Eyolfson
Fergus
Fillmore
Finnigan
Fisher
Fonseca
Fortier
Fragiskatos
Fraser (West Nova)
Fraser (Central Nova)
Freeland
Fuhr
Garneau
Gerretsen
Goldsmith-Jones
Goodale
Gould
Graham
Grewal
Hajdu
Hardie
Harvey
Hébert
Hehr
Hogg
Holland
Housefather
Hussen
Hutchings
Iacono
Joly
Jones
Jordan
Jowhari
Kang
Khalid
Khera
Lambropoulos
Lametti
Lamoureux
Lauzon (Argenteuil—La Petite-Nation)
LeBlanc
Lefebvre
Leslie
Lightbound
Lockhart
Long
Longfield
MacKinnon (Gatineau)
Maloney
Massé (Avignon—La Mitis—Matane—Matapédia)
May (Cambridge)
McCrimmon
McDonald
McGuinty
McKay
McKenna
McKinnon (Coquitlam—Port Coquitlam)
McLeod (Northwest Territories)
Mendès
Mendicino
Mihychuk
Miller (Ville-Marie—Le Sud-Ouest—Île-des-Soeurs)
Monsef
Morrissey
Murray
Nassif
Ng
O'Connell
Oliphant
Oliver
O'Regan
Ouellette
Paradis
Peschisolido
Peterson
Philpott
Picard
Poissant
Qualtrough
Ratansi
Rioux
Robillard
Rodriguez
Rogers
Romanado
Rota
Ruimy
Rusnak
Sahota
Sajjan
Samson
Sangha
Sarai
Scarpaleggia
Schiefke
Schulte
Serré
Sgro
Shanahan
Sheehan
Sidhu (Mission—Matsqui—Fraser Canyon)
Sidhu (Brampton South)
Sikand
Sohi
Sorbara
Spengemann
Tabbara
Tan
Tassi
Vandal
Virani
Whalen
Wilkinson
Wilson-Raybould
Yip
Young

Total: -- 160

NAYS

Members

Albas
Albrecht
Anderson
Angus
Arnold
Aubin
Barlow
Barsalou-Duval
Beaulieu
Benzen
Bergen
Bernier
Berthold
Bezan
Blaikie
Blaney (North Island—Powell River)
Blaney (Bellechasse—Les Etchemins—Lévis)
Block
Boucher
Boudrias
Boutin-Sweet
Brassard
Brosseau
Calkins
Cannings
Caron
Choquette
Clarke
Clement
Cooper
Cullen
Davies
Deltell
Diotte
Donnelly
Dreeshen
Dubé
Duncan (Edmonton Strathcona)
Dusseault
Eglinski
Falk (Battlefords—Lloydminster)
Falk (Provencher)
Fast
Fortin
Gallant
Garrison
Généreux
Genuis
Gill
Gourde
Hardcastle
Harder
Hughes
Jeneroux
Johns
Jolibois
Kelly
Kent
Kitchen
Kmiec
Kusie
Kwan
Lake
Lauzon (Stormont—Dundas—South Glengarry)
Laverdière
Liepert
Lloyd
Lobb
Lukiwski
MacGregor
MacKenzie
Maguire
Marcil
Masse (Windsor West)
Mathyssen
May (Saanich—Gulf Islands)
McCauley (Edmonton West)
McColeman
McLeod (Kamloops—Thompson—Cariboo)
Moore
Motz
Mulcair
Nantel
Nicholson
O'Toole
Paul-Hus
Pauzé
Plamondon
Poilievre
Quach
Rankin
Rayes
Reid
Rempel
Richards
Sansoucy
Saroya
Scheer
Shields
Shipley
Sorenson
Stanton
Ste-Marie
Stetski
Strahl
Stubbs
Sweet
Thériault
Tilson
Trost
Trudel
Van Kesteren
Van Loan
Vecchio
Viersen
Wagantall
Warawa
Warkentin
Waugh
Webber
Weir
Wong
Zimmer

Total: -- 123

PAIRED

Nil

    I declare the motion carried.

GOVERNMENT ORDERS

[Government Orders]

[Translation]

Elections Modernization Act

Bill C-76—Time Allocation Motion 

     That, in relation to Bill C-76, An Act to amend the Canada Elections Act and other Acts and to make certain consequential amendments, not more than one further sitting day shall be allotted to the consideration at second reading stage of the Bill; and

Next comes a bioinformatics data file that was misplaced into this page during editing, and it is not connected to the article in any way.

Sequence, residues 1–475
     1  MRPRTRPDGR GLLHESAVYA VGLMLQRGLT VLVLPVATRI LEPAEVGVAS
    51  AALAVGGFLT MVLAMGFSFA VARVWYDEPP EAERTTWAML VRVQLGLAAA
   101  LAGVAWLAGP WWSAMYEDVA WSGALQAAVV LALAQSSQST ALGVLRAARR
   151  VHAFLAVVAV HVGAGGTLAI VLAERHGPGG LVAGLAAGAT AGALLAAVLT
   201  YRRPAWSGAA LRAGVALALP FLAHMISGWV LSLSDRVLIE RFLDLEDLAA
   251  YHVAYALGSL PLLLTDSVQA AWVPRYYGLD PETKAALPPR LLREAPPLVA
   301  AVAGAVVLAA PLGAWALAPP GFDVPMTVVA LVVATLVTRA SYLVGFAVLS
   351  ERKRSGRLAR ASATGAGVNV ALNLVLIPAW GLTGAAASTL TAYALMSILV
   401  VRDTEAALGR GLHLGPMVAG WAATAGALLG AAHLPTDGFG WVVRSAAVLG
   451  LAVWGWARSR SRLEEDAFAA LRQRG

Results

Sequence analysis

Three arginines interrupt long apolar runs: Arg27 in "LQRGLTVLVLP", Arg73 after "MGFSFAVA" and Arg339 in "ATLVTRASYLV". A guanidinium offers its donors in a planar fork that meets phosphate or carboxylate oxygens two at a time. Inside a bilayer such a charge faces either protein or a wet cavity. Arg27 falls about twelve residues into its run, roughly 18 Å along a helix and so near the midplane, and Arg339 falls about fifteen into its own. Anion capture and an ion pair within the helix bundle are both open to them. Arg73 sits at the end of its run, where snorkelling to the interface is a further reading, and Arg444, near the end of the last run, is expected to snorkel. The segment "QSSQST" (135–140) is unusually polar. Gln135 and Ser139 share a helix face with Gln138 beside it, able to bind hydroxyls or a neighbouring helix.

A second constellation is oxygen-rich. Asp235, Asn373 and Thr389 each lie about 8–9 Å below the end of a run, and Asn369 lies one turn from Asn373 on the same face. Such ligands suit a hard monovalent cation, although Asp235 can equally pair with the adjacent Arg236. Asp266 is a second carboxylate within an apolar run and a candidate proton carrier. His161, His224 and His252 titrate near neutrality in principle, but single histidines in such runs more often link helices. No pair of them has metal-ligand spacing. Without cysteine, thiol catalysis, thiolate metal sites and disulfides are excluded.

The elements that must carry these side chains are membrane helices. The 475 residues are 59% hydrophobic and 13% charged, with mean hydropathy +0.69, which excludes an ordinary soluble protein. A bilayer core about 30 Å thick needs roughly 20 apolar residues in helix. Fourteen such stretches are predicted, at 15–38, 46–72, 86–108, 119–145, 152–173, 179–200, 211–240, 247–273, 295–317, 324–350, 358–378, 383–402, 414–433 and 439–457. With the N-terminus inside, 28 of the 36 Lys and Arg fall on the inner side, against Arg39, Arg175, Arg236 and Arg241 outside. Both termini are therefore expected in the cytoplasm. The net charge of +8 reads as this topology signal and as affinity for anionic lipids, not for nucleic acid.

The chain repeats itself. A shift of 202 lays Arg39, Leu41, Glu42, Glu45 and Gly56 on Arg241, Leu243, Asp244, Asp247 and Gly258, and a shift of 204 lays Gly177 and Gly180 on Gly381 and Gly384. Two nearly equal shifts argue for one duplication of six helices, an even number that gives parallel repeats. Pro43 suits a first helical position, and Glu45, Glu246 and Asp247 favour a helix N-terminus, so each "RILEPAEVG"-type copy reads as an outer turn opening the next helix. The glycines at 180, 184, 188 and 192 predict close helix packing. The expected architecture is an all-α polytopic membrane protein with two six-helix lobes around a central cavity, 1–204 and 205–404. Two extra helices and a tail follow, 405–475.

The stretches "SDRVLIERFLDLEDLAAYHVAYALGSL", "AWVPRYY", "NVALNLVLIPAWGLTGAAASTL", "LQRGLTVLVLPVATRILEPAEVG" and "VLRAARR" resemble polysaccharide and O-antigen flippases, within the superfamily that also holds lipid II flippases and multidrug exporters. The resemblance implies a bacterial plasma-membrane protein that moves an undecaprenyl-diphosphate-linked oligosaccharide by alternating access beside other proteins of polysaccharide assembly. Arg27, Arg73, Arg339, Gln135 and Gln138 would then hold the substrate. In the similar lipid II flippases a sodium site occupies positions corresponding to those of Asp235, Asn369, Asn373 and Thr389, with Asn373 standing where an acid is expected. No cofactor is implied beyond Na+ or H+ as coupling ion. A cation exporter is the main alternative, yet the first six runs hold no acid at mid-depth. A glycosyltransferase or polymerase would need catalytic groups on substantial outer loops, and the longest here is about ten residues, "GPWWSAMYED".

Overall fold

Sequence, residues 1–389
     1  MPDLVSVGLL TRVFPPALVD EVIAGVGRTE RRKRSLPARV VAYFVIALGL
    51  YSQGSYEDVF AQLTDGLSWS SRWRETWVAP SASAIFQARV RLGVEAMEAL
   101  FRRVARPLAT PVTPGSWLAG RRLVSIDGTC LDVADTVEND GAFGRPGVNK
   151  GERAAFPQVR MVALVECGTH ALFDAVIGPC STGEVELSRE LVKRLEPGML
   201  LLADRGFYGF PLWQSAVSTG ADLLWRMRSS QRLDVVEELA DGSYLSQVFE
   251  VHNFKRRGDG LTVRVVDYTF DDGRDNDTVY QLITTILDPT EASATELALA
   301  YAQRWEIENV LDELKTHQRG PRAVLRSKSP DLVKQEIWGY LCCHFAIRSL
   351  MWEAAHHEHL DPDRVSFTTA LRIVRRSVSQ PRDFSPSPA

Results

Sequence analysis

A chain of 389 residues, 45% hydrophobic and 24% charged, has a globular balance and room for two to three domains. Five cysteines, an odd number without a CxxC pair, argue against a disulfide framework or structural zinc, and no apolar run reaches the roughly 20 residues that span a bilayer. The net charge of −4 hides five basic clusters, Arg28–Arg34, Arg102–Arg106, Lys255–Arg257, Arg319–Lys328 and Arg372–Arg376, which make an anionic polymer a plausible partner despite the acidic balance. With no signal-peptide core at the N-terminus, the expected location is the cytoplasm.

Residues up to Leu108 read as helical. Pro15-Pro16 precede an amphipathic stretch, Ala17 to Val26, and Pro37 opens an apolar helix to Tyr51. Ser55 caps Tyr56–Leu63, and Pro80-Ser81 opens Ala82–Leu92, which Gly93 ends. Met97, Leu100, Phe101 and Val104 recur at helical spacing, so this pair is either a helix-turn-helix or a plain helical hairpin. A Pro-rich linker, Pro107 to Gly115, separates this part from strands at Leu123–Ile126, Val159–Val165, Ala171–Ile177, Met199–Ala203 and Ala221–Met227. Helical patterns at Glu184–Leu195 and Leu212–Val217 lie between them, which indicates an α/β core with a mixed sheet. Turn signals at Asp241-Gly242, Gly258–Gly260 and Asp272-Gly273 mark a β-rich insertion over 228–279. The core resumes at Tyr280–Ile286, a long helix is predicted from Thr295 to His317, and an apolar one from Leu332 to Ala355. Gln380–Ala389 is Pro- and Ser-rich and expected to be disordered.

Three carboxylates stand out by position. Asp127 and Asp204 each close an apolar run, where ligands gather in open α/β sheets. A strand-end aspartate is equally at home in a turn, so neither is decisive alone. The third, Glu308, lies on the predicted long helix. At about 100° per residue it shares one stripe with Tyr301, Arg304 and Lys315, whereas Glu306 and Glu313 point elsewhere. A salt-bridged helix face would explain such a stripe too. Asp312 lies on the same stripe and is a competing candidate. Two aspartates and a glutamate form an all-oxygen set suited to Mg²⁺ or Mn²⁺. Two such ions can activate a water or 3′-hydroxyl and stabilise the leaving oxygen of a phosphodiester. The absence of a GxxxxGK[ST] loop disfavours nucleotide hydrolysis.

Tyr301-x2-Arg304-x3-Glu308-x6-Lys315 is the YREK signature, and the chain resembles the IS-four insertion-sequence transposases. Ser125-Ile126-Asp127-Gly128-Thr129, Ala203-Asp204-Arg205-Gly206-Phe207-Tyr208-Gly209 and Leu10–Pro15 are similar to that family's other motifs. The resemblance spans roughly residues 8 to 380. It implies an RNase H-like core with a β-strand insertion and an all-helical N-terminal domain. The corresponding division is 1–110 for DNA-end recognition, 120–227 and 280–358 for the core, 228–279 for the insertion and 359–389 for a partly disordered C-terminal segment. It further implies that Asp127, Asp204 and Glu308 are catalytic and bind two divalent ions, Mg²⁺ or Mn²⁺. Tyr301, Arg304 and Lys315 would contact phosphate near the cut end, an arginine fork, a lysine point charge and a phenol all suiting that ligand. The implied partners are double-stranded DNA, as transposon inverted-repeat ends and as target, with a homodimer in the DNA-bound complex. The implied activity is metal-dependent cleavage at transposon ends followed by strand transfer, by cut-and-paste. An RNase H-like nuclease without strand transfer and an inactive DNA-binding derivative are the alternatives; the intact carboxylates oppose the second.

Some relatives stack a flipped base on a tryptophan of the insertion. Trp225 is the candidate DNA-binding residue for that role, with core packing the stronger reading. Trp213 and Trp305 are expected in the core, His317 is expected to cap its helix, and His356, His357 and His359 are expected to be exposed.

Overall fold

That, 15 minutes before the expiry of the time provided for Government Orders on the day allotted to the consideration at second reading stage of the said Bill, any proceedings before the House shall be interrupted, if required for the purpose of this Order, and, in turn, every question necessary for the disposal of the said stage of the Bill shall be put forthwith and successively, without further debate or amendment.

  (1600)  

[English]

    Pursuant to Standing Order 67.1, there will now be a 30-minute question period. I invite hon. members who wish to ask questions to rise in their places so the Chair has some idea of the number of members who wish to participate in this question period.
    The hon. member for Banff—Airdrie.
    Mr. Speaker, here we are and this is the situation. The government has brought forward changes to our electoral law, the law that governs the way the House of Commons is made up, the way that Canadians have an opportunity to have a say on who sits here and represents them here. I do not know of any legislation that could be more significant, but after one hour of debate, the government moved notice of time allocation.
    I remember a few years ago when the Liberal member for Coast of Bays—Central—Notre Dame brought forward a motion that would amend some Standing Orders of the House of Commons. One of them was a standing order that dealt with time allocation. It was to change it so that no motion pursuant to that standing order could be moved if it dealt with the Canada Elections Act or the Parliament of Canada Act. It also went on to amend the standing order around closure as well to make sure that closure would not be used for the Canada Elections Act or the Parliament of Canada Act.
    A number of members of the Liberal Party made comments then, a couple of which I will share. The member for Coast of Bays—Central—Notre Dame said: